Secrecy — among the main methods of concealing truth.
Immigration and Customs Enforcement recently asked the National Archives and Record Administration (NARA), which instructs federal agencies on how to maintain records, to approve its timetable for retaining or destroying records related to its detention operations. This may seem like a run-of-the-mill government request for record-keeping efficiency. It isn’t. An entire paper trail for a system rife with human rights and constitutional abuses is at stake.
ICE has asked for permission to begin routinely destroying 11 kinds of records, including those related to sexual assaults, solitary confinement and even deaths of people in its custody. Other records subject to destruction include alternatives to detention programs; regular detention monitoring reports, logs about the people detained in ICE facilities and communications from the public reporting detention abuses. ICE proposed various timelines for the destruction of these records ranging from 20 years for sexual assault and death records to three years for reports about solitary confinement.
For years, advocates and communities across the country have denounced human rights abuses in the detention system. Many of the records that ICE proposes for destruction offer proof of the mistreatment endured by people in detention. Given the Trump administration’s plans to increase the size and scope of the system substantially, it is all the more disturbing that the agency wants to reduce transparency and accountability.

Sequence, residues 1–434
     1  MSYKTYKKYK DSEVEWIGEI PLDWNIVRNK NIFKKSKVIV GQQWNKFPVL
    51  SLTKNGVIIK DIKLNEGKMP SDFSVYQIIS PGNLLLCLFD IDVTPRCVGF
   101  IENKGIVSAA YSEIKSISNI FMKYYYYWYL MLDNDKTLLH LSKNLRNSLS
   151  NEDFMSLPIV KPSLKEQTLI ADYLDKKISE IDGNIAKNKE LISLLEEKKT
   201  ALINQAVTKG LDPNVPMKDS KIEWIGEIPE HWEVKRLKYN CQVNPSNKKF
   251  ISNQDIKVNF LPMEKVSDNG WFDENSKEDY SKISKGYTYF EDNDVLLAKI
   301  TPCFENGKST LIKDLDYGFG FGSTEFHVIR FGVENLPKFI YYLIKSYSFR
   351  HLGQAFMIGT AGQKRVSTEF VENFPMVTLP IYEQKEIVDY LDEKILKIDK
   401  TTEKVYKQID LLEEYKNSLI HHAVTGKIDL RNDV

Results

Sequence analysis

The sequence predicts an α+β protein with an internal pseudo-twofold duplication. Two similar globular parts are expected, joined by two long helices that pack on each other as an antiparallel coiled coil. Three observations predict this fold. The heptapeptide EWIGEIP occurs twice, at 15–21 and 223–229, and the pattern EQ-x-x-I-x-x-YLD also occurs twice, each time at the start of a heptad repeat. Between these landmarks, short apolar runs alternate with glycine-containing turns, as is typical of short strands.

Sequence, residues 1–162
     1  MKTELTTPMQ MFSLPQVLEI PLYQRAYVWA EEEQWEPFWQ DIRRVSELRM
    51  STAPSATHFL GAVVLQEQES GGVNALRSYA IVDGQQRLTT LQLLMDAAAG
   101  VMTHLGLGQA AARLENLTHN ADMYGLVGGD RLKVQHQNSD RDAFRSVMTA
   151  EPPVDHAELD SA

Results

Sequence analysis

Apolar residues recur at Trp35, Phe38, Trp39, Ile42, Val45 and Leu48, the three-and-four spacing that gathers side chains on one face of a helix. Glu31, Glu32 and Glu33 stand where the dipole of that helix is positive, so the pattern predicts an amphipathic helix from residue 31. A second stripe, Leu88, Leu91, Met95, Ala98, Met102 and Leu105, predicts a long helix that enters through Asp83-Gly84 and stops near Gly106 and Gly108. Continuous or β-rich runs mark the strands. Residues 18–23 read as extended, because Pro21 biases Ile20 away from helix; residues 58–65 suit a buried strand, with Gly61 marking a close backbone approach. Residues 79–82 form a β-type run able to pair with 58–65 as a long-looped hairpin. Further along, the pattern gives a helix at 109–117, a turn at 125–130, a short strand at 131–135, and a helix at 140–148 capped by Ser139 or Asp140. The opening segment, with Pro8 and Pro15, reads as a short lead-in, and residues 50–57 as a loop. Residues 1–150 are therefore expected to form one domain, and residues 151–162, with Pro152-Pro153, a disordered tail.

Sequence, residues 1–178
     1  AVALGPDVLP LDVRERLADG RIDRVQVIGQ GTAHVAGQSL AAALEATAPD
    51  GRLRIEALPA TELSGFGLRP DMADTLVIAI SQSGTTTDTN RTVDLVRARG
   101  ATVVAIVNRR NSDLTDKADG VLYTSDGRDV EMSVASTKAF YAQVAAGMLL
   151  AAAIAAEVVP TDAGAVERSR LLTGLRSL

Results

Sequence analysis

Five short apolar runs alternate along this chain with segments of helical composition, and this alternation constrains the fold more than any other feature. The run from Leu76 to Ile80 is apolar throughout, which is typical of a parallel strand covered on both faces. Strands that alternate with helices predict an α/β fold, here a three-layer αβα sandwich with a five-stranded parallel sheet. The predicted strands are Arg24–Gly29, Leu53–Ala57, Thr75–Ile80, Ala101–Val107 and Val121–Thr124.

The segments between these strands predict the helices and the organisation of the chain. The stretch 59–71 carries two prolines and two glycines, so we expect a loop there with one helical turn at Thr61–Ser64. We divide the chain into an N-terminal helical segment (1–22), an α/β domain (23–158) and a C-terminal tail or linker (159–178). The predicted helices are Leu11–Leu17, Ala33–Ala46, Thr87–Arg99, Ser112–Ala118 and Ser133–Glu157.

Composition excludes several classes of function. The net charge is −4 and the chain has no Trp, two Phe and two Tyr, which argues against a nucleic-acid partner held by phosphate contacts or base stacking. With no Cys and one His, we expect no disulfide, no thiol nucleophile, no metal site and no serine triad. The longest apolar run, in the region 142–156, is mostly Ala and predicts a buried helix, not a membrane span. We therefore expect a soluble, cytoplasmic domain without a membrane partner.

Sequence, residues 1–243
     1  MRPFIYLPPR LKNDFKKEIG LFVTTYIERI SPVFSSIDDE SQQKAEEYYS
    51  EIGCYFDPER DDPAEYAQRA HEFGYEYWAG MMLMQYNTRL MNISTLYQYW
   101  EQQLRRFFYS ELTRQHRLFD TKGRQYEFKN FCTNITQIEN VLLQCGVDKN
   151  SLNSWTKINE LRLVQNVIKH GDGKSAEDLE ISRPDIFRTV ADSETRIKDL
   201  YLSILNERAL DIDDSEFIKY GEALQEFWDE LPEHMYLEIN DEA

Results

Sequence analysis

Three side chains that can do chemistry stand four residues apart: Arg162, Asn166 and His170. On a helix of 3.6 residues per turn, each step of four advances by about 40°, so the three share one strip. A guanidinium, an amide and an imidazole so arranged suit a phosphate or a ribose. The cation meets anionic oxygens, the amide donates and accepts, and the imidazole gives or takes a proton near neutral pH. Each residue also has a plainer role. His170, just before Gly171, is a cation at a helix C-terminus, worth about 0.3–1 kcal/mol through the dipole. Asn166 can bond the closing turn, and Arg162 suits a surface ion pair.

NARA has provisionally approved ICE’s proposal and its explanations for doing so are troubling. In cases of sexual assault and death, for example, NARA states that these records “do not document significant actions of Federal officials.” It’s hard to believe that the actions of a federal official are not significant in the death or sexual assault of an individual who is in federal immigration custody. NARA also posited that in cases of sexual assault, that the “information is highly sensitive and does not warrant retention.”
Keeping these documents available is necessary for the public to understand and fully evaluate the operation of a system that is notorious for inhumane and unconstitutional conditions affecting hundreds of thousands of people every year. Even 20 years is far too short for keeping the record of a death or sexual assault of an individual in government custody.